Samsung demos 6G using Terahertz spectrum


Although it may feel like 5G networks are still in the first phases to becoming mainstream, but the march of technology rarely rests. Samsung Electronics is celebrating a demonstration it did in collaboration with the University of California in Santa Barbara (UCSB): the application of Terahertz (THz) spectrum for 6G wireless communications.

During a recent workshop at a IEEE International Conference on Communications (ICC 2021), researchers from Samsung Research, Samsung Research America, and the UCSB demonstrated an end-to-end 140 GHz wireless link using a fully digital beamforming solution.

As such, the main advantage of 6G is faster data rates and lower latencies, while the peak data rate is expected to eventually be up to 50 times faster than 5G, pushing it into the range of terabits per second.

Latency, meanwhile, is expected to drop to just one-tenth that of 5G, and together these advances should help the tech transmit much more data-intensive content, such as 8K resolution, VR and holographic video.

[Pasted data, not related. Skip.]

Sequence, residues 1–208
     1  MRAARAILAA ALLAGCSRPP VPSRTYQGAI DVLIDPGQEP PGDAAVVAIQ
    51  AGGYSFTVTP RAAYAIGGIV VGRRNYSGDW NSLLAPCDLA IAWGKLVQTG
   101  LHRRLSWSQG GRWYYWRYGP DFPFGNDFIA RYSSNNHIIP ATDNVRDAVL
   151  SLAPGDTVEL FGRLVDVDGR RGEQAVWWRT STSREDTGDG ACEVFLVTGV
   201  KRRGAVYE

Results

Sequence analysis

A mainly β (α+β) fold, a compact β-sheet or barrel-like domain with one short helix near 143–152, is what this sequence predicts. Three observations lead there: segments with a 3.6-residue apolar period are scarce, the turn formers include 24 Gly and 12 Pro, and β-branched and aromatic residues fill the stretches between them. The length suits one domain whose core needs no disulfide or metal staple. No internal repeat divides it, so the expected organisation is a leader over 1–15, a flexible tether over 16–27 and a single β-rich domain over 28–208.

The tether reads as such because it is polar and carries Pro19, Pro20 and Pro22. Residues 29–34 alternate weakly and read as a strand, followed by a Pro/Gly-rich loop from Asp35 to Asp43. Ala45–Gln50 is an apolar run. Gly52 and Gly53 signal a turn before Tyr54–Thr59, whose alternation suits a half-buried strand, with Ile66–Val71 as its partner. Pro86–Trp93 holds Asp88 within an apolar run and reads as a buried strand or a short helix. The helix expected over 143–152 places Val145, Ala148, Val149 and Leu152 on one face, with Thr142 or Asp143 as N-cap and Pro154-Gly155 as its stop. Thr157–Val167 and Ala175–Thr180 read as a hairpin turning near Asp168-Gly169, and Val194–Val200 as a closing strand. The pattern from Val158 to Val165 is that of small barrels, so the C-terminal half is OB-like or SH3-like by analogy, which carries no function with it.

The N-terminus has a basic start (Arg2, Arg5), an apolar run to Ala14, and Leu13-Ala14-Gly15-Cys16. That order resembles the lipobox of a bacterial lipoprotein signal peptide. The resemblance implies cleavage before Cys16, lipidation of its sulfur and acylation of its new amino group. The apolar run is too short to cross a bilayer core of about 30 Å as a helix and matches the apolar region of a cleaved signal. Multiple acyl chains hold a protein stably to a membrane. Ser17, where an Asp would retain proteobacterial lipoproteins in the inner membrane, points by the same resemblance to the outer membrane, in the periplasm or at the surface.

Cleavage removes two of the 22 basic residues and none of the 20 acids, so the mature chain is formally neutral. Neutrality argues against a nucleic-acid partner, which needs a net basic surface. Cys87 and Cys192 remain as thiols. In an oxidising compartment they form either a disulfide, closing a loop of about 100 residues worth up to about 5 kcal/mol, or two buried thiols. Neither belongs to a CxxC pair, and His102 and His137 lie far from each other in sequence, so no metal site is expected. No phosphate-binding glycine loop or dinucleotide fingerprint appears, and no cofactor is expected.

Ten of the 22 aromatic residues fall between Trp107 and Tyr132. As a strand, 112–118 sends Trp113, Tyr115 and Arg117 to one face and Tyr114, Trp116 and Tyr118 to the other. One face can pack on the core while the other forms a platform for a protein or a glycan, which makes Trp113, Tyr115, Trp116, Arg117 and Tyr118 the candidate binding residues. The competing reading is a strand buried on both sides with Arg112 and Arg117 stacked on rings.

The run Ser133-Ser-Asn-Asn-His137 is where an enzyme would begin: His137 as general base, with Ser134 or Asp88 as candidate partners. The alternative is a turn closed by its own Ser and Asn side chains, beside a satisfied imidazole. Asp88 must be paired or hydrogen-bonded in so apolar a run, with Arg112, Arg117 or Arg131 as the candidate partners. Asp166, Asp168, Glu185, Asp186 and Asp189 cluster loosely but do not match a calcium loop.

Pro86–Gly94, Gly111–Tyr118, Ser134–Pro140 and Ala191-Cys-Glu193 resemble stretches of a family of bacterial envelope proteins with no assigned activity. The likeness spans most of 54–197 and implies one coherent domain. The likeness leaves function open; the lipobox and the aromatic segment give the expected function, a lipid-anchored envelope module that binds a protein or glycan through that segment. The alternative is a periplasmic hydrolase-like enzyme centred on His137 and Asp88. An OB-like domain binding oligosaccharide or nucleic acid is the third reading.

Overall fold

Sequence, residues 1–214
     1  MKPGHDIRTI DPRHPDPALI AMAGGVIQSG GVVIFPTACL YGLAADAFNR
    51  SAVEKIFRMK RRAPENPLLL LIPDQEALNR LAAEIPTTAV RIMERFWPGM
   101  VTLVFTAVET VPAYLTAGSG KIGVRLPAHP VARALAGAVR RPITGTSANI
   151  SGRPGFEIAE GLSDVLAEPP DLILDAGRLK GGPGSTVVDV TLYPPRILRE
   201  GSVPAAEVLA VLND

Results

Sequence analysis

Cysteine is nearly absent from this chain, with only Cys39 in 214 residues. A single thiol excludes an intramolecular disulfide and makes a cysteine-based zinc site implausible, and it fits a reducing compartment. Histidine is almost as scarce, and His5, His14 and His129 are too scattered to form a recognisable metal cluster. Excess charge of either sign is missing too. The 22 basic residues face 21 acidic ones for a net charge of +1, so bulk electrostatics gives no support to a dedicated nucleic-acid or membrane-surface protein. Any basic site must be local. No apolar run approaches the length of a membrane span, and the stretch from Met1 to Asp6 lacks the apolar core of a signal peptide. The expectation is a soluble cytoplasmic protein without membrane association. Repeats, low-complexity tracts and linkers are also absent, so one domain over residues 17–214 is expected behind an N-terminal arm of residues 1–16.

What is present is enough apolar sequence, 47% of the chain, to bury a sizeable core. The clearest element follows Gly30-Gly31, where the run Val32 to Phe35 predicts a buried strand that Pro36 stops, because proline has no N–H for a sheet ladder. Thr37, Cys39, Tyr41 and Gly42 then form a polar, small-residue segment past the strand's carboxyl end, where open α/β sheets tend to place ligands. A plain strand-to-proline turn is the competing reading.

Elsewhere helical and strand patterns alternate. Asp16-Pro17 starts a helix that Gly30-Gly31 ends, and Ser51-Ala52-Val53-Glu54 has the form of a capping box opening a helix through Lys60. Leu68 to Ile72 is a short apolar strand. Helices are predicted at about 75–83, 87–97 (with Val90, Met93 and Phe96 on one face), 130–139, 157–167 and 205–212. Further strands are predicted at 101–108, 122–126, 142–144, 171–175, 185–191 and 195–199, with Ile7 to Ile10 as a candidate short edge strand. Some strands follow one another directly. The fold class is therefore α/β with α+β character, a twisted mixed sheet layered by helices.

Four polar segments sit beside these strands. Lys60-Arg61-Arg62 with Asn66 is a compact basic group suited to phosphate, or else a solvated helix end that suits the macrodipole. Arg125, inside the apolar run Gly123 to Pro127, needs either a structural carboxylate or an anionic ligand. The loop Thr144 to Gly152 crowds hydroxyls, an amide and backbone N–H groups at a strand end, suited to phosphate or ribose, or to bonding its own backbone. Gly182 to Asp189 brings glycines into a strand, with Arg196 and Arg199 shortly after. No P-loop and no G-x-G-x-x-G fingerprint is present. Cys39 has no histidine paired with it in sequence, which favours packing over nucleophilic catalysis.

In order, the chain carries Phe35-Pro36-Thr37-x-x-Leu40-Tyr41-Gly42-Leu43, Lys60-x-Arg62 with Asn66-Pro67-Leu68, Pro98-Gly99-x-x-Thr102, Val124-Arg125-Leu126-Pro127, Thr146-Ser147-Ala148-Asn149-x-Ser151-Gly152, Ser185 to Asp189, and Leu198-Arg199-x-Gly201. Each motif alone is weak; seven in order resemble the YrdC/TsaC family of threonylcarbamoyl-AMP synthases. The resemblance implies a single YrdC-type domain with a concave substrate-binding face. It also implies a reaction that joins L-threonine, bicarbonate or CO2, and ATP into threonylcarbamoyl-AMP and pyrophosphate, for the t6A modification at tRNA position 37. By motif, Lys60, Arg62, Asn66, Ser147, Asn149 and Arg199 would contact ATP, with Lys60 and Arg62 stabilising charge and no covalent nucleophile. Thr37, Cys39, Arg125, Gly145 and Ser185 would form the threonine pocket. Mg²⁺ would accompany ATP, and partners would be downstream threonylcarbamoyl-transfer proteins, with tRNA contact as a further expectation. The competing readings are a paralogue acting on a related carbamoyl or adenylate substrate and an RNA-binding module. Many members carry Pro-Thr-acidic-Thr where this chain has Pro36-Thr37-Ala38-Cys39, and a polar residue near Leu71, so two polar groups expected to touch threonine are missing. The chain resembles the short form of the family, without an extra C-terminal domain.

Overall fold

The 140 GHz is a “nice band” and a good starting point for this kind of 6G research because it’s far enough from the 5G bands and not as high as the 300 GHz range, according to Charlie Zhang, an IEEE fellow and head of the Standards and Mobility Innovations Team at Samsung Research America.

“The 140 GHz band is a good intermediate stepping stone, he told Fierce,” he added. “We do have a long history of trying to think outside of the box,” Zhang said.

5G communications operate at frequencies up to about 40 GHz, but 6G would push that beyond 100 GHz, tapping into the as-yet-unutilized THz spectrum. The new tech would also give a boost to bandwidth too, which for 5G tops out at around 400 MHz.

“We bring our knowledge of advanced mmWave technologies, in particular the THz spectrum above 100 GHz, focusing on devices and integrated circuits, while Samsung provides its expertise in wireless systems and cellular networks,” Rodwell said in a statement.

For 6G, its still early days, but researchers are talking about a peak data rate of 50 times faster than 5G, as well as further reduced latency. Such improvements will enable hyper-connectivity services and experiences for extended reality (XR) and things like high-fidelity mobile holograms.